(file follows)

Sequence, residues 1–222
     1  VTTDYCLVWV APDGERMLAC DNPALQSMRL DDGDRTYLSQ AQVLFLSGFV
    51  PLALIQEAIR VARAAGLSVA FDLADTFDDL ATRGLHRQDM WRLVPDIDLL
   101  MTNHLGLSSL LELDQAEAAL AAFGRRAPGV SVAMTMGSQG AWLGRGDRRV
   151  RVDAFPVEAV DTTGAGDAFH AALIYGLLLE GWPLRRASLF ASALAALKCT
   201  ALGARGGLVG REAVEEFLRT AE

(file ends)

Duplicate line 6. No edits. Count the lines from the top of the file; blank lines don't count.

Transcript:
   201  ALGARGGLVG REAVEEFLRT AE